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Gen Y winning the spending race 

Gen Y winning the spending race 

The latest e-commerce report from Australia Post simultaneously reinforces what we know about the ineffectiveness of monetary policy and recent Commonwealth Bank household spending insights reports. 

The headline data from Australia Post reveals Australians reduced their online spending by 1.2 per cent in calendar year 2023, compared to the year before, to $63.6 billion. 

Just pause and consider that number. Sixty-three-point-six BILLION dollars! And that’s just what has been spent online. When economists were trying to invent a measure of happiness, they couldn’t do it, so they decided the best proxy was consumption. Evidently, when we are buying stuff, we must be happier. But seriously, how many dresses, shirts, shoes, cat towers and fake eyelashes do we actually need? 

Figure 1. Spending by Generation

According to the Australia Post data, boomers are the only cohort that increased their spending last year. Given the increase in boomer spending of seven per cent, which exceeded inflation, the data confirms that volume rose as well as price. Boomers are literally buying more stuff than the year before even though prices are higher.

The finding helps us understand one of the reasons the Reserve Bank of Australia (RBA), refers to monetary policy as a “blunt” instrument. You see, the whole point of tightening rates is to slow the economy by slowing spending and reducing inflationary pressures. The problem is that the biggest impact from interest rate rises is felt by those with a mortgage. Only a third of households in Australia have a mortgage, and baby boomers aren’t largely represented. Most baby boomers paid off their homes a long time ago when houses were much, much cheaper. When rates rise today, the boomers aren’t impacted. They are, in fact, rewarded. You see, when rates rise, the returns they receive on the cash they hold at the bank and in term deposits go up. They earn more when rates rise, giving them extra spending power. That might help explain the Australia Post report’s finding. Higher rates mean more interest earned, which means more to spend.  

Meanwhile, for the RBA, the increased spending power of the boomers undermines the effectiveness of each rate rise, rendering the whole instrument rather ‘blunt’. 

Table 1. Consumer spending by generation 

According to Australia Post, the remaining cohorts are doing it tougher than the boomers. Gen Y (those aged between 27 and 43) is reported to have reduced their online spending by two per cent. However, by assuming the data is not adjusted for inflation, a two per cent increase in spending, after inflation of circa four per cent, suggests spending ‘volume’ went backwards for this cohort. Of course, we cannot be precise; we don’t actually know what the inflation rate was for the goods purchased.  

If we adjust for headline inflation, only boomers increased their spending.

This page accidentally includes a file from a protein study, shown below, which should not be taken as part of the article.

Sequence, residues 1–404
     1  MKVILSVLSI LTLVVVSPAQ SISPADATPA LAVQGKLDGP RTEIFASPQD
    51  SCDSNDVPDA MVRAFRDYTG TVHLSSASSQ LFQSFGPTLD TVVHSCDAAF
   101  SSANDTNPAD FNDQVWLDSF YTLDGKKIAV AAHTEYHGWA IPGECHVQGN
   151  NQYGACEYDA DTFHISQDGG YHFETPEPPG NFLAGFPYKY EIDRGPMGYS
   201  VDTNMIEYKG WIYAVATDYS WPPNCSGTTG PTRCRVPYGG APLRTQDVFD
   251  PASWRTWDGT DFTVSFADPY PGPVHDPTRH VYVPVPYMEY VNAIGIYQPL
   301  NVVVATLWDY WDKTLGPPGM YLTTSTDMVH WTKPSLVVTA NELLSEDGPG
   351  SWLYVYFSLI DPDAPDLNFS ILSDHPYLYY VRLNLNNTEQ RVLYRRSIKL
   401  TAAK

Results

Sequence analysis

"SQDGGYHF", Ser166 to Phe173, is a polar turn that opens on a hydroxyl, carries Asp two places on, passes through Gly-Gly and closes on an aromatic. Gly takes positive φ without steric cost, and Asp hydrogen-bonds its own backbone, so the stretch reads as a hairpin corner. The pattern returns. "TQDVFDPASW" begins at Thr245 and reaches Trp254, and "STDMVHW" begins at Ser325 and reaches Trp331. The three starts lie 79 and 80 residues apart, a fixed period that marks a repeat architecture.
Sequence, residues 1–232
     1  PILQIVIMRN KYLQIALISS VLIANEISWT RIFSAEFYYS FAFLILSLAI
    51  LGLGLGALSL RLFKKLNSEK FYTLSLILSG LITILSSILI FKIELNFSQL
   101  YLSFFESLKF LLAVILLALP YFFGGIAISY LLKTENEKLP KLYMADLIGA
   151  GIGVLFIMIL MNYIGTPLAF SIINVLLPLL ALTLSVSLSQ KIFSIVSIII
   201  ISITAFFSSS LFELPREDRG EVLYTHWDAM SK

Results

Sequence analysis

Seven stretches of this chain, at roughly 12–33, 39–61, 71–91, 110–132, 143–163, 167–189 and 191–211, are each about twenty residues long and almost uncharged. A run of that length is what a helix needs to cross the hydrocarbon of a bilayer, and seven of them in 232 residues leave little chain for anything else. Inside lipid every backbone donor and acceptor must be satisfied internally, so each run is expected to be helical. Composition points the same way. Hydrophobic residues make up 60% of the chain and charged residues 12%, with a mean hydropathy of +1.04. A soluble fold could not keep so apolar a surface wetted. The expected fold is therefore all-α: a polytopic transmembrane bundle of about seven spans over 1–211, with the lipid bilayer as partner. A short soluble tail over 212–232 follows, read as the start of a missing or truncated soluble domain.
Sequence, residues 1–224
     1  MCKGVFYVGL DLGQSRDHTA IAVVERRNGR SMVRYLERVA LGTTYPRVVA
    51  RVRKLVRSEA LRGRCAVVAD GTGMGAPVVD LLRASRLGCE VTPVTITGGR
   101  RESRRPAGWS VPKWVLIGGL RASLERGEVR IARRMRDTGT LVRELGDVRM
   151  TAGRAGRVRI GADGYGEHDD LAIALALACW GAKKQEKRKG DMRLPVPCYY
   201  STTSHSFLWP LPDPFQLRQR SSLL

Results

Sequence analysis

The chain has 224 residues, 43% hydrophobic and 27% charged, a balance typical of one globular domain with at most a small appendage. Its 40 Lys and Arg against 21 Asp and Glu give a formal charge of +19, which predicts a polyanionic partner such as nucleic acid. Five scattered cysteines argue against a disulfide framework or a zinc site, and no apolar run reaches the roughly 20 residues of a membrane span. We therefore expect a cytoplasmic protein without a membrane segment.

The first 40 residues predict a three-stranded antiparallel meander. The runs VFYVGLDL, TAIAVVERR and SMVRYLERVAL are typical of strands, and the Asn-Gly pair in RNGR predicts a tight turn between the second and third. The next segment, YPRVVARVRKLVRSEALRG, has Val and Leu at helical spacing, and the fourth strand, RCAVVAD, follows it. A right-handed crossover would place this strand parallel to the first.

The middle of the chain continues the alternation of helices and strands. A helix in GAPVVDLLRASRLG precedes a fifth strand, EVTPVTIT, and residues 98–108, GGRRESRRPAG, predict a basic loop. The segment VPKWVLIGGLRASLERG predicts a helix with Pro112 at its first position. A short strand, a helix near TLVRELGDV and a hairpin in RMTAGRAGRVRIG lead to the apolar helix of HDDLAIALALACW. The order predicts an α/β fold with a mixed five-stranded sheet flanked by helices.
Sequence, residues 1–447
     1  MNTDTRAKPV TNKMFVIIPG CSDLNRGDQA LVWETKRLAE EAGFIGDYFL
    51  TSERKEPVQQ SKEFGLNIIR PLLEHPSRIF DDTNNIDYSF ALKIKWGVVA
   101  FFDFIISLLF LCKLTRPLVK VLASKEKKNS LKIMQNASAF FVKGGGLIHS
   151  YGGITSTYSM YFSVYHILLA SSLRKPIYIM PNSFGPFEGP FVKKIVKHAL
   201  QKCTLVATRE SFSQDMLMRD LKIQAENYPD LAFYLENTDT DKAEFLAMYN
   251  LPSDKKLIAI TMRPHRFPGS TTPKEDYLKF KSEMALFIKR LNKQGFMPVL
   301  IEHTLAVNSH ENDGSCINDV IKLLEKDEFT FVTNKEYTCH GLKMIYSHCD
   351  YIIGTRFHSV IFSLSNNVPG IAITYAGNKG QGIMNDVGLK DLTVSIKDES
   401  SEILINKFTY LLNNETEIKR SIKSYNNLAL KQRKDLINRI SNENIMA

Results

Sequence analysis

However, merely looking at changes in the quantum of spending year-to-year ignores the comparison of the nominal amount of spending between the cohorts. 

Gen Y is spending the most online – $22 billion compared to just over $12 billion by the boomers. And keep in mind we are only talking about retail online spending here, not spending on kids’ education or mortgages.  

One question that comes to mind, given Gen Y are reportedly, and understandably, the most vocal about housing affordability: Has housing become so expensive, so unaffordable, that many Gen Ys have given up on the dream of owning a dwelling and are instead spending up elsewhere? Are they earning mountains more than Gen X? Is that why they are spending more than all the other cohorts?  

If the population of Gen Xers is greater than Gen Y, the latter are really making up for it in their spending online. Meanwhile, Gen X should be earning the most, so are Gen X simply bogged down with mortgages and private school fees and, therefore, have fewer discretionary dollars for online merch? Or do Gen Y simply conduct a higher proportion of their spending online than offline? You might have some insights and answers to these questions, and I’d be delighted to hear from you. 

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Roger Montgomery is the Founder and Chairman of Montgomery Investment Management. Roger has over three decades of experience in funds management and related activities, including equities analysis, equity and derivatives strategy, trading and stockbroking. Prior to establishing Montgomery, Roger held positions at Ord Minnett Jardine Fleming, BT (Australia) Limited and Merrill Lynch.

This post was contributed by a representative of Montgomery Investment Management Pty Limited (AFSL No. 354564). The principal purpose of this post is to provide factual information and not provide financial product advice. Additionally, the information provided is not intended to provide any recommendation or opinion about any financial product. Any commentary and statements of opinion however may contain general advice only that is prepared without taking into account your personal objectives, financial circumstances or needs. Because of this, before acting on any of the information provided, you should always consider its appropriateness in light of your personal objectives, financial circumstances and needs and should consider seeking independent advice from a financial advisor if necessary before making any decisions. This post specifically excludes personal advice.

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